Racer, writer, broadcaster, entrepreneur and motivational speaker Lyn St. James is the Honoree of the 26th annual Amelia Island Concours d’Elegance scheduled for March 4-7, 2021.
Lyn’s life is a high speed motorsports adventure. Her racing career began in a Ford Pinto — her daily driver — in the 1970s and had its grand finale more than two decades later in a special commemorative ceremony on the “yard of bricks” at the Indianapolis Motor Speedway.
Her first titles were a pair of regional south Florida road racing championships. She moved up quickly racing a Corvette at Sebring, Palm Beach and Daytona. A brave class victory in the punishing 1979 24 Hours of the Nurburgring racing an AMC Spirit AMX sponsored by BF Goodrich is an exotic and sometimes overlooked line on Lyn’s deep resume. By then corporate America liked what they were seeing and hearing from the racer from Willoughby, OH.
She graduated to the pro ranks in the 1980s as a Ford factory racer. In 1984 Autoweek magazine named her Rookie of the Year in IMSA’s GTO class. A year later she won IMSA’s Norelco Driver of the Year award. That was a very good year: an IMSA GTO victory came in August 1985 at Road America in the Lowenbrau Classic. A month later, on one of her favorite tracks, the full Grand Prix course at Watkins Glen, Lyn scored an unprecedented and still unequalled solo IMSA GTO class victory in the Serengeti Drivers New York 500 racing a Roush Mustang. The eighties also saw two class victories in the 24 Hours of Daytona.
For Lyn the eighties were fast and productive. In 1988 she set a closed course speed record for women at 212.577 mph in a Bill Elliott-built Thunderbird. That was just one of 21 national and international speed records Lyn authored. She earned another page in the record books with an Indy 500 qualifying lap of 227.32 mph that stood as a record for women until Sarah Fisher’s lap of 229.675 mph qualifying for the 2002 “500.”
In 1989 she entered the 24 Hours of Le Mans driving a Ford-powered Spice. Another classic race course and even though her car retired on Sunday morning Lyn logged a lot of seat time. She returned to the classic French 24 Hours in 1991 with two-time World Sports Car Championship race winner Desiré Wilson and Cathy Muller, but their Cosworth-powered Spice prototype lasted just 47 laps In 1990, Lyn earned yet another GTO class win in another famous classic endurance race, the 12 Hours of Sebring, with a Mercury Cougar XR-7.
Lyn gives a thumbs up after qualifying for the Indy 500 in 1992. Photo courtesy of Lyn St. James.
It was a visit to the Indy 500 with her mother in 1966 that revealed Lyn’s passion for motorsport. Her Indy 500 career began with a surprise test at Memphis Motorsports Park in a Dick Simon Racing Lola. Things began to move quickly. Lyn’s commercial, marketing and persuasive skills brought JCPenney to her Indy rookie program.
On Memorial Day 1992, Lyn raced her JCPenney sponsored Lola/Chevy — the Spirit of the American Woman — to eleventh place, becoming the first woman to win Indy’s prestigious Rookie of the Year award.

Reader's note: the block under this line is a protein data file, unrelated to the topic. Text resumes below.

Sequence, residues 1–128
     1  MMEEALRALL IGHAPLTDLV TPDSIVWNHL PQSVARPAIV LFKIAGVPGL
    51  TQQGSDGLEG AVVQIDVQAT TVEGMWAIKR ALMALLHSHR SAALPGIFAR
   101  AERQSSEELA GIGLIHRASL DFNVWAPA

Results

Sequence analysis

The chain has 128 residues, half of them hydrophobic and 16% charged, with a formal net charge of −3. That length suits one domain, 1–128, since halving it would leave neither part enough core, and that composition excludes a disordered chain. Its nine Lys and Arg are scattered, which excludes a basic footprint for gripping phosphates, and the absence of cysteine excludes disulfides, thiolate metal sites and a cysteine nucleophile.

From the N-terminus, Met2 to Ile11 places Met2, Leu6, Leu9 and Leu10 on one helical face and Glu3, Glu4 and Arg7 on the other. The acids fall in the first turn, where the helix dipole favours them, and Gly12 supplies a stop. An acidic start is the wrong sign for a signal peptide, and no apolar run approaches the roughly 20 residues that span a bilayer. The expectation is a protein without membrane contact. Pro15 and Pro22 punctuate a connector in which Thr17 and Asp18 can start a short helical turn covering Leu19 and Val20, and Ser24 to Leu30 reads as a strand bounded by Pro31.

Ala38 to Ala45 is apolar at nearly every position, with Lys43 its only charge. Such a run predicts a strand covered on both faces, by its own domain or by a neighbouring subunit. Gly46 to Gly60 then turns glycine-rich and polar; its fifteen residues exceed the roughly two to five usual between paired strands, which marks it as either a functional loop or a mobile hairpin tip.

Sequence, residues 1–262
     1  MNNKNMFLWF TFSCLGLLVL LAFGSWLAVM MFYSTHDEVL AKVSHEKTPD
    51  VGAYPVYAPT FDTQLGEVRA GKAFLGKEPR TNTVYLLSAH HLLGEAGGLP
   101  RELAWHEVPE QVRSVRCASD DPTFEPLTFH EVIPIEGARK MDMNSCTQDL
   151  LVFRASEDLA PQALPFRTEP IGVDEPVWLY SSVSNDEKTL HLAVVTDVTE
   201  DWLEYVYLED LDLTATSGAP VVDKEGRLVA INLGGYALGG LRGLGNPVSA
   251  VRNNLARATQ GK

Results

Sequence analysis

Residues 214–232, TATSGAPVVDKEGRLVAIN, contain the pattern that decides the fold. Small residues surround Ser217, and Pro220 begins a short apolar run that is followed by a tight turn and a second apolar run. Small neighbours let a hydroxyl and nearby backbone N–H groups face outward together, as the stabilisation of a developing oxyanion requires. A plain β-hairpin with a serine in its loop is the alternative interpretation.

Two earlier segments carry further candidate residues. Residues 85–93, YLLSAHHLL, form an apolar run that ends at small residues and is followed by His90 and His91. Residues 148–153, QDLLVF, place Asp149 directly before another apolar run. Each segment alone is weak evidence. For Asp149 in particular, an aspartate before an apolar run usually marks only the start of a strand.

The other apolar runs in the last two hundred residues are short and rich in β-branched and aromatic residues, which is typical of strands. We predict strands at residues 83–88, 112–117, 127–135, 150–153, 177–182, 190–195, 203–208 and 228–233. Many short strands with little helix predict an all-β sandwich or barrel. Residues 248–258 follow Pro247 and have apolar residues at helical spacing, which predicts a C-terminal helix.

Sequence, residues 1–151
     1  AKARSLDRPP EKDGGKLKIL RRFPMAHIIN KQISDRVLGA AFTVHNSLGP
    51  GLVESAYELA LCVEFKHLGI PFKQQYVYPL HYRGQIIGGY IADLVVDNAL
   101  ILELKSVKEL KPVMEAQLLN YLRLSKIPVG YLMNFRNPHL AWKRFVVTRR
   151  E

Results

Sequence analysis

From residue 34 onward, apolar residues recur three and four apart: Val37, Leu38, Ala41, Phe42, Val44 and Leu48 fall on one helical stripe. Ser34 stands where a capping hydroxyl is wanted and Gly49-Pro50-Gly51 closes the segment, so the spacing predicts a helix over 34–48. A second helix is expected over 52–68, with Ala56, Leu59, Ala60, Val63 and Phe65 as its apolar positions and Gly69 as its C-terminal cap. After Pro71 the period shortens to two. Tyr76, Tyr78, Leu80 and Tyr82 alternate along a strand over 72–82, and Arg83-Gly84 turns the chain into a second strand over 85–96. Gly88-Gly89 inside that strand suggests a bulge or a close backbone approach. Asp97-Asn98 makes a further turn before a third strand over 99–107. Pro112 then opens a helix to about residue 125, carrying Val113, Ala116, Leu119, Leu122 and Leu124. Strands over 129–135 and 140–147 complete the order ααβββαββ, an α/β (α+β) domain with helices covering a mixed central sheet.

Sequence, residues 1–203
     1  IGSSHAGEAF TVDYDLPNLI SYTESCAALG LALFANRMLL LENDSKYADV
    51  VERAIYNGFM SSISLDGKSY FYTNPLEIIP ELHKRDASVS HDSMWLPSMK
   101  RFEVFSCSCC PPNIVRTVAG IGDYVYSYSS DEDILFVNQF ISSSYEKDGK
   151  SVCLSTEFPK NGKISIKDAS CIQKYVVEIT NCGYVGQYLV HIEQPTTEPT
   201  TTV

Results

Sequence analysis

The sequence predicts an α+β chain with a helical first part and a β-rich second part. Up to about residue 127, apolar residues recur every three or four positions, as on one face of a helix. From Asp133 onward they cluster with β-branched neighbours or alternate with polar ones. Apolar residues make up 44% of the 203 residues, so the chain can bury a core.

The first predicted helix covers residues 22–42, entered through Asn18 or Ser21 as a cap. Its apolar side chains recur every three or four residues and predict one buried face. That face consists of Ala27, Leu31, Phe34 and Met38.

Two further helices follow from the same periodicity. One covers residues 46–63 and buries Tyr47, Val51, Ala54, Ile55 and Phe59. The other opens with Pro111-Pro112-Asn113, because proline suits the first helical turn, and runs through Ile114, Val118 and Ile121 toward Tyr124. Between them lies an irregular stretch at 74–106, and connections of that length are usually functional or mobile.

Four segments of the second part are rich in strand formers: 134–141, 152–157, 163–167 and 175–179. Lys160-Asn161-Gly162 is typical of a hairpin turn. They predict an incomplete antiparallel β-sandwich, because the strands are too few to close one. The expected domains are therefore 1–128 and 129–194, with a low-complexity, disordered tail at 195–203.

Even today she is quick to remind us that she still holds the record as Indy’s oldest Rookie of the Year winner. Eight years and seven Indy 500s later Lyn retired from Indy Car competition with career earnings of nearly $1.2 million.
Lyn’s strong entrepreneurial streak first emerged in an auto components business that fused with her passion for racing. Her ability to see and understand motorsport from the perspective of the cockpit and the boardroom has been a constant asset during her long tenure in and around motorsport. In 2010 those skills were honored by Automotive News as one of The Top 100 Women in the Automotive Industry. Sports Illustrated named her one of the “Top 100 Women Athletes of the Century.”
She has been a spokesperson for Ford, appeared in Rolex ads and is the founder of the Lyn St. James Foundation (a 501(c)(3) charitable organization) for the education, training and advancement of women in automotive fields. She has also served on the board of Kettering University, a top engineering school.
Lyn served as President of the Women’s Sports Foundation from 1990 to 1993. In 1994 Lyn was inducted to the Florida Sports Hall of Fame; Working Woman Magazine included her as one of the Top 350 Women Who Changed the World between 1976 and 1996. She’s been summoned to The White House for civic honors by three consecutive Presidents — Reagan, Bush and Clinton.
“Lyn has been an integral part of the racing community for years and followed in the steps of the likes of Elizabeth Junek, Janet Guthrie, and Lella Lombardi who won races, set records and broke barriers,” said Bill Warner, founder and Chairman of the Amelia Island Concours d’Elegance. “Lyn earned her stripes driving a wide variety of race cars starting in club racing with her daily driver, a Ford Pinto, and culminated with a successful career in Indy cars. Along the way, she shared long distance drives with some of the best drivers of the day. There is more than a quarter of a century of proof that she is the “real thing” behind the wheel.”